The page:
The bus was rattling through the mid-Wilshire district by the time Lenkley was through with his revelries. He was forced to ponder that which was immediate and pertinent. Namely, the U.S. Bank building in which he worked as a cold-caller for a marketing company. He hated his job but it was a means to an end. For the time being, Lenkley had no goals that extended past the next Gnostic mass when he would once again be in his element. Those masses were the only times Lenkley felt right. To say that he felt like himself in that dingy basement, rolling hard on a coupe good pills, would be an overstatement. Lenkley didn’t really know who he was, which, he figured, was a huge reason he was weak, timid, and indecisive in nature. Still, he felt that was where he wanted to be-hidden away from a culture he felt nothing but contempt for. Free to indulge in in the fantasies he was too modest to pursue in the surface world. He could not wait until the next Gnostic mass. He had a breakthrough of sorts at the last one, going to town on Bythos45. Now things were really getting tantalizing withe the Pistis Core. Now, Lenkley could put up with the droning of the pathetic old shithead that led each mass, knowing that on the other side of the sermon, he would be turned loose like he was in the greenbelt near his childhood home. And that, Lenkley reasoned as he entered an elevator with a group of suited worker-bees, was his drug. Completely unhinging was his narcotic of choice. Being free to act out what he suppressed on a daily, hourly basis, was his drug. He worked, he put on his corporate costume, rode a filthy bus down filthier streets to an office he had frequent fantasies about firebombing, and detached his higher brain to do a job that amounted to nothing, in order to be able to experience that release just one more time. An addict of the highest order.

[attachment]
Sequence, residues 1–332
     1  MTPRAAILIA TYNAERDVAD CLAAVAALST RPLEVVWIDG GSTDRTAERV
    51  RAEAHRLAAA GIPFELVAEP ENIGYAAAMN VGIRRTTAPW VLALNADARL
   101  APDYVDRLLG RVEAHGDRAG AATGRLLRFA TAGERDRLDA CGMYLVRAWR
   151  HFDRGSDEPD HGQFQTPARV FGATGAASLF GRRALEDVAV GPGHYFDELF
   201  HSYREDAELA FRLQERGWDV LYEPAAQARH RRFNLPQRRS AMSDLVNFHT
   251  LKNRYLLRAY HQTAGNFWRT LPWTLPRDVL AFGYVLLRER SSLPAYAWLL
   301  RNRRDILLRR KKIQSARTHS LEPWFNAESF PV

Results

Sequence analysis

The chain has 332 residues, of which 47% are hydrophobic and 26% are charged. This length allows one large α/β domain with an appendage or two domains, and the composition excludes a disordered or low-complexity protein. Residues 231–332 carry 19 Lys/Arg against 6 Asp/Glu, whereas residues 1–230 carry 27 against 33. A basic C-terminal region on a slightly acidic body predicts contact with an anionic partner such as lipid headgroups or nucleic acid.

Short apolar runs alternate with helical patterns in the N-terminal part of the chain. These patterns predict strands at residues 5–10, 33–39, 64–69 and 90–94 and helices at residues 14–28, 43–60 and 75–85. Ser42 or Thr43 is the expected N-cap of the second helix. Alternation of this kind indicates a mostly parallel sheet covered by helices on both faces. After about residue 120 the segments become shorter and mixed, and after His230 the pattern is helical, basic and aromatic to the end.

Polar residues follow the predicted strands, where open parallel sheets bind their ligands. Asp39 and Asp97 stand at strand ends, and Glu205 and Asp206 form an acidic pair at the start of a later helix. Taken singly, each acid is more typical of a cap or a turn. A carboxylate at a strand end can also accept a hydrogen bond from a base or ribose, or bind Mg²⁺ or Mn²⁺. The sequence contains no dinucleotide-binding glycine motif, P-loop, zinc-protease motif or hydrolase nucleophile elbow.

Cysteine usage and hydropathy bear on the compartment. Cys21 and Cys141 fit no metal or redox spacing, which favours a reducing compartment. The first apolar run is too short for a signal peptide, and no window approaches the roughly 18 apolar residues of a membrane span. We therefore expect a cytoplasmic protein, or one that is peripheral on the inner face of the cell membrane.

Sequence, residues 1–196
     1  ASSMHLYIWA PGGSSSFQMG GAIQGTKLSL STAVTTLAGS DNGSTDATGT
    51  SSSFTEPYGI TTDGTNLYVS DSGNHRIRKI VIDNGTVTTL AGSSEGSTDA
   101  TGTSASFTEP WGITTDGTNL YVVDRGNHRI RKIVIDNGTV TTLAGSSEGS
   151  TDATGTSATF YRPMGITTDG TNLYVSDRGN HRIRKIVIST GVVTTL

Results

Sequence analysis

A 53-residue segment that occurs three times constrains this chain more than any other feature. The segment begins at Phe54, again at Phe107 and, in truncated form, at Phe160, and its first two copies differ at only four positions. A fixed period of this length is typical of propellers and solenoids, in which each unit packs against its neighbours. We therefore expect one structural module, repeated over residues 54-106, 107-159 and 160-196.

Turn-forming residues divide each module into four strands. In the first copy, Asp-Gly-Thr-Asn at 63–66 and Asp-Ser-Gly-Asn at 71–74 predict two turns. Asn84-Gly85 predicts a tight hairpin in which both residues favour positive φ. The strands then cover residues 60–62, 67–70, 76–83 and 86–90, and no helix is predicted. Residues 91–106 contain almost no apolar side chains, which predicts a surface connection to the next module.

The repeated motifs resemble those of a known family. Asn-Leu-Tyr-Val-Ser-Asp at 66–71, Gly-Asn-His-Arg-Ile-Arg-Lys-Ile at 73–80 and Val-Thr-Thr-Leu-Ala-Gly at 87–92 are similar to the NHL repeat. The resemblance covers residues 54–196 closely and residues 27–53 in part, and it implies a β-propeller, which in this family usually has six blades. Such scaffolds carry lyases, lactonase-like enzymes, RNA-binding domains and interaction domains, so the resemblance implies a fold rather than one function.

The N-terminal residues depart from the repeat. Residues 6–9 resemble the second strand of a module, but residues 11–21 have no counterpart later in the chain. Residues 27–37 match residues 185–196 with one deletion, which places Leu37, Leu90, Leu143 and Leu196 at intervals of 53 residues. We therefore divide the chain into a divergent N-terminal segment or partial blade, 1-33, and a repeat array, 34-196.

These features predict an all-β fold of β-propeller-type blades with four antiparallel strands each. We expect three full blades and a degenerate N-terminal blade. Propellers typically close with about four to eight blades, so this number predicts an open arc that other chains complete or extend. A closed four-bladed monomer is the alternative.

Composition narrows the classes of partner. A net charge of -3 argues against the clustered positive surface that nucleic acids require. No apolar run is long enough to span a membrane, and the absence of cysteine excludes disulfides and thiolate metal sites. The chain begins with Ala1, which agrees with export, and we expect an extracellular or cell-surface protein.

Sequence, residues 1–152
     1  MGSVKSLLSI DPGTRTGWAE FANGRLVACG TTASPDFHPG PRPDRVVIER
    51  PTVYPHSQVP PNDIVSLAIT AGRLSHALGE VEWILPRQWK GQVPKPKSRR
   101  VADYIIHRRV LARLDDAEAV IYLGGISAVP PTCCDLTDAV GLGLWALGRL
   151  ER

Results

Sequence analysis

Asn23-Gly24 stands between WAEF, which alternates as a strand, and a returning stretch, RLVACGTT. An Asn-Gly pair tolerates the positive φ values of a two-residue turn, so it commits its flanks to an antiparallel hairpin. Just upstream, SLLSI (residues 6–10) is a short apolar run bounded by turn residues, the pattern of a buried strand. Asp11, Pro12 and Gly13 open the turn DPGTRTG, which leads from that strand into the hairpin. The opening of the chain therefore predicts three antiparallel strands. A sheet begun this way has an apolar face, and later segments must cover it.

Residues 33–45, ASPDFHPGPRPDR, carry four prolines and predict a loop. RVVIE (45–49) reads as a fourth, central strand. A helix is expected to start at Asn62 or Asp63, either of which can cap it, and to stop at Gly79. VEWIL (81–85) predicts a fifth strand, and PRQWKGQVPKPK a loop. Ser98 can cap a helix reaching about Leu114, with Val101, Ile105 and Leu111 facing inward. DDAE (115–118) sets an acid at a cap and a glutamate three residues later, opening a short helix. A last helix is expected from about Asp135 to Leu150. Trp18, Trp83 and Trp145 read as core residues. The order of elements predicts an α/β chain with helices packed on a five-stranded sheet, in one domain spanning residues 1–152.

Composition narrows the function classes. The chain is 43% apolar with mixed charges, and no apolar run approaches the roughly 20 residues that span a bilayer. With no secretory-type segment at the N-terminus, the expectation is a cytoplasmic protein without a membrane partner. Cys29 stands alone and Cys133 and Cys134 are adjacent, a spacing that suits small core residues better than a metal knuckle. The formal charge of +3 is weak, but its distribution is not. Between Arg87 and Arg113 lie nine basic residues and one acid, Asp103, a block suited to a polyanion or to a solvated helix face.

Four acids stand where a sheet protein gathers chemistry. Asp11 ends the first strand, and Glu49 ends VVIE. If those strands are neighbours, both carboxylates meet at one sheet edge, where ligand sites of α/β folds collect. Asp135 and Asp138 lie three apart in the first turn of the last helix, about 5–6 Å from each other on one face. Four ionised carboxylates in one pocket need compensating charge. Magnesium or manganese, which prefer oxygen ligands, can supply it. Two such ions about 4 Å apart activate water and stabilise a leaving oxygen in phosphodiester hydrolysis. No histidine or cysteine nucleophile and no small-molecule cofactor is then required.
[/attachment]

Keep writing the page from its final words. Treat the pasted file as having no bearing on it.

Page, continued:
The elevator bell rang and the digital display showed 14-Lenkley’s floor. The doors pulled open and Lenkley stepped out. The middle of the building. The middle of the road. Somewhere in between a prince and a pauper. Completely normal and unremarkable. But Lenkley could not suppress a mischievous smile as he stepped out onto the 14th floor. He knew that come the next gathering of the Pistis Core, he would be anything but ordinary. That was enough to get him through the week. It would be enough to resist the urge to start up another mass grave in his adult life.